In March, the TUSD board voted 4-1 to hang the flags of the Tohono O’odham and Pascua Yaqui nations in the board room next to the U.S. and Arizona flags. Mark Stegeman was the only No vote.
Ernesto Portillo, in a column in the Star, criticized Stegeman
for his vote. Stegeman, never one to allow a criticism to go unanswered, wrote an op-ed
Portillo is right. Stegeman is wrong.
I guess I could have said I respectfully disagree with Stegeman. But the reasoning which led Stegeman to his No vote is the same cold reasoning which so often leads him to take destructive educational stands on the school board. So, no.
My respect goes to all the students in the district who deserve a better board representation than Stegeman offers them. My respect goes to the district's Native American students and members of their community who worked hard to have their flags in the board room, and won despite Stegeman's objections. No respect for Stegeman on this one.
It's not just that Stegeman voted against hanging the flags. It's the argument he leaned on to support his vote: that placing the flags in the board room is mere symbolism and has no substantive educational value. It's not just this one vote. After ten years of serving on the TUSD school board, Stegeman continues to act like he is incapable of understanding that K-12 education is about more than factual knowledge and academic skill building.
Let's take a look at what Stegeman wrote in his op-ed. In explaining his No vote, Stegeman complained,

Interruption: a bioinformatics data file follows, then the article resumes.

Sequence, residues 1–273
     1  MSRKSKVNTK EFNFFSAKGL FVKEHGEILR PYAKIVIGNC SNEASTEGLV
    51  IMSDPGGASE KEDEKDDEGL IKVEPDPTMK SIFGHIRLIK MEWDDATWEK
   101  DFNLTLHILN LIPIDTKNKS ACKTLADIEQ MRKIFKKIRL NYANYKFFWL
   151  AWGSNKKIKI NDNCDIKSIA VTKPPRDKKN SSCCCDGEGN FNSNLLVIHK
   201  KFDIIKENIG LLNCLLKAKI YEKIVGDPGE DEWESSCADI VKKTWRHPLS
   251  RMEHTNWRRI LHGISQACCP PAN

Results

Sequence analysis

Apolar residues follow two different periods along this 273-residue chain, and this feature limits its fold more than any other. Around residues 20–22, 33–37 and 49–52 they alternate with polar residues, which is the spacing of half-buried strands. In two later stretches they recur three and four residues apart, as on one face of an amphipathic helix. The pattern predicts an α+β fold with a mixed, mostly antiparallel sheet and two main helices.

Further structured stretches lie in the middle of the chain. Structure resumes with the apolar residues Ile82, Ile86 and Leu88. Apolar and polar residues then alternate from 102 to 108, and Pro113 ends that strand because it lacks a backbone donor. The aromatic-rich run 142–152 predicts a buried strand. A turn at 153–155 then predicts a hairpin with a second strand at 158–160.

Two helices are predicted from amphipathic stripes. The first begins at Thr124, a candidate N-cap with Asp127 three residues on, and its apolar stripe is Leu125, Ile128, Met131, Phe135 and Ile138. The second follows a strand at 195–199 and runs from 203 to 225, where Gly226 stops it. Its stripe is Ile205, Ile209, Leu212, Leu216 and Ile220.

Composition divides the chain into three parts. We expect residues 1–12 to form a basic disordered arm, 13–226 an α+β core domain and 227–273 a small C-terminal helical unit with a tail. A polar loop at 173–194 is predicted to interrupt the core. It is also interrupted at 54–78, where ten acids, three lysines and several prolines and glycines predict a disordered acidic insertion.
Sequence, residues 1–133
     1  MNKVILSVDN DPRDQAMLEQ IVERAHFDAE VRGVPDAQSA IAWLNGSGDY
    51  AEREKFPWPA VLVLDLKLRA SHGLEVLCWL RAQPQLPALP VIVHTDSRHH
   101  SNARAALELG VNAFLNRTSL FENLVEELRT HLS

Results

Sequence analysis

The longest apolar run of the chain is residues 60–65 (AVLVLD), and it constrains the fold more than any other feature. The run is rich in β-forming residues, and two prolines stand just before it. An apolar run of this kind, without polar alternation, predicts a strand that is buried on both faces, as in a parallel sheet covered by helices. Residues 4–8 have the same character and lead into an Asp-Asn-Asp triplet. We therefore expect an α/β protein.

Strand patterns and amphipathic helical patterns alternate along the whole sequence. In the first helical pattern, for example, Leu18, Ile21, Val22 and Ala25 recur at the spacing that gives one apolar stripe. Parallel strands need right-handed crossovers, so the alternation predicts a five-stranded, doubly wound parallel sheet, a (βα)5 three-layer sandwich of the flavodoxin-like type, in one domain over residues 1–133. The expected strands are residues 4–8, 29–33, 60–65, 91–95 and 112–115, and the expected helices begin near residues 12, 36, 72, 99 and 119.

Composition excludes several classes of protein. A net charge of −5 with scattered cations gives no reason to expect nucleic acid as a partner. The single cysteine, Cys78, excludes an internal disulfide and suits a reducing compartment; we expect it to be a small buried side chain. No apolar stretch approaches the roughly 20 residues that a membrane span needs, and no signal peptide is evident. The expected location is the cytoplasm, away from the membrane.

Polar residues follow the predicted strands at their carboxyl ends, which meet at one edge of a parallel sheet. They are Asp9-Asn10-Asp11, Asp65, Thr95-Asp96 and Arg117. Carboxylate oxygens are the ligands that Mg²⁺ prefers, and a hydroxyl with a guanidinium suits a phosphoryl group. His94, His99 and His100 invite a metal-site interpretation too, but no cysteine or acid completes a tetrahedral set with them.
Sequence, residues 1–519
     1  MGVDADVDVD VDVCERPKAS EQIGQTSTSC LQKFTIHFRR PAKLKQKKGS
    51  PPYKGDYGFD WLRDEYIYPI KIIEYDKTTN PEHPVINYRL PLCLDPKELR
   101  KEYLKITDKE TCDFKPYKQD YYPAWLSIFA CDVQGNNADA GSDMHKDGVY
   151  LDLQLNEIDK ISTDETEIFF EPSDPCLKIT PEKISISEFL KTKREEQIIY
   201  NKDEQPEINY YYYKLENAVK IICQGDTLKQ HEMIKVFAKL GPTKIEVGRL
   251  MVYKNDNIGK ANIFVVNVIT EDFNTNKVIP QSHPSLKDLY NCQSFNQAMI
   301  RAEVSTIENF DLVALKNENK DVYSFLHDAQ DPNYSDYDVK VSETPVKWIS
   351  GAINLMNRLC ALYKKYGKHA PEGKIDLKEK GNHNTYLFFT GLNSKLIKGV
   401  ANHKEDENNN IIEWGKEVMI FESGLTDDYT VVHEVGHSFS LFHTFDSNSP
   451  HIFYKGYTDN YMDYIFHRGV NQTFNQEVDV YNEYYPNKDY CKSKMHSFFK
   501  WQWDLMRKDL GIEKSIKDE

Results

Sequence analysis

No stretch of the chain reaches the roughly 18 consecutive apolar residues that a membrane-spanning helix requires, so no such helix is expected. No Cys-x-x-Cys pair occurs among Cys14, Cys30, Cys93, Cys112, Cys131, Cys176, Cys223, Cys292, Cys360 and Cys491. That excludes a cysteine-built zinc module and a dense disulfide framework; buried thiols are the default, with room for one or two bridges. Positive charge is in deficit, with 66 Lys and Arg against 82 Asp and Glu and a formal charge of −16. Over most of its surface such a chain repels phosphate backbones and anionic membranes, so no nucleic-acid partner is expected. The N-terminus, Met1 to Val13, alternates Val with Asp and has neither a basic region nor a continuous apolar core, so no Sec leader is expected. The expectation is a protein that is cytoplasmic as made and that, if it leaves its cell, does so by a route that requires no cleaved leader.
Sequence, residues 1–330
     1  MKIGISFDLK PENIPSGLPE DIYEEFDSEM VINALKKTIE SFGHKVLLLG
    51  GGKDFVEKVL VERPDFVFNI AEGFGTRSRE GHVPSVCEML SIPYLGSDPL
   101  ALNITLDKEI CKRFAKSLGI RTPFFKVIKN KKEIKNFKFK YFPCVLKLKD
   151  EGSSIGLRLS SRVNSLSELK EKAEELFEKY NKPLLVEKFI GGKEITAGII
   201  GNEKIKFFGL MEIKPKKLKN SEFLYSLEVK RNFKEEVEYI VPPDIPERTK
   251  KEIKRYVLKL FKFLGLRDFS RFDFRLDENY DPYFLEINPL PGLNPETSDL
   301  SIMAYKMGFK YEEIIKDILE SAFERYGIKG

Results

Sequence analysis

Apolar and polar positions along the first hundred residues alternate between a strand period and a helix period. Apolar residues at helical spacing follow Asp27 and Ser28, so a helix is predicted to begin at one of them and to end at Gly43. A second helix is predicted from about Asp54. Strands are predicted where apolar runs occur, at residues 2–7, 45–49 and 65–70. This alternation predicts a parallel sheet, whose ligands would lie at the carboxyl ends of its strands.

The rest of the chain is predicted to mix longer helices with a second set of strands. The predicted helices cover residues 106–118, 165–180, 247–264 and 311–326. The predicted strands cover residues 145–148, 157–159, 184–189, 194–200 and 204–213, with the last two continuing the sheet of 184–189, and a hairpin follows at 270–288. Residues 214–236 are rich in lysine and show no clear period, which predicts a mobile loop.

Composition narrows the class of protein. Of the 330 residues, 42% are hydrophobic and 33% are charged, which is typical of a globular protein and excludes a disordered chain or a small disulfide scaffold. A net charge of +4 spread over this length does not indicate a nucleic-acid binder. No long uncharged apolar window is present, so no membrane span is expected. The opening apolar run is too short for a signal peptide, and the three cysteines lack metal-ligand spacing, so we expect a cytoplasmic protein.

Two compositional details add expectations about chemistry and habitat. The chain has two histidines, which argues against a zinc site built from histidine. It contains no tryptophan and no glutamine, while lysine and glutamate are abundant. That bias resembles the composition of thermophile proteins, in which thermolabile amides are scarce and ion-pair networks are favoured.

"TUSD too often focuses on symbolism rather than substance."
He criticized a board member for saying that hanging the flags in the board room is related to education.
"I respectfully disagree. Education means teaching facts and skills."
The two statements encapsulate why Stegeman gets so much wrong when it comes to K-12 education. He believes "substance" in education is synonymous with "facts and skills." Other parts of schooling — symbolism, emotional responses, personal interaction — are peripheral.
He's wrong. K-12 education has an essential emotive level. Our schools should be helping students grow as people at the same time they learn facts and skills. In a functioning education system, the two realms reinforce one another. Often, the best way to promote academic learning is for teachers, administrators and school districts to create an emotional connection with the young people they are striving to educate, making it clear they respect who the students are and what they are capable of becoming.
I'm a veteran of more than 30 years in the high school classroom. I taught plenty of students who listened to what I said and did what I asked them to do whether or not I connected with them emotionally. I didn't have to work very hard to get those students' attention.
But I had plenty of other students who needed to feel a connection before they thought it was worth their while to pay me much mind. They were the reluctant students who couldn't be bothered with school unless you convinced them it was worth the effort. They were the students who felt like failures inside and outside the classroom, who felt it was safer not to make an effort than to put themselves out there and risk yet another failure.
I had to earn the respect and trust of many of my students before they were willing to take the academic and emotional risk of listening to what I said, participating in discussions and making an honest effort to complete the work I assigned. A large part of earning their respect was demonstrating that I respected them as human beings and potential learners.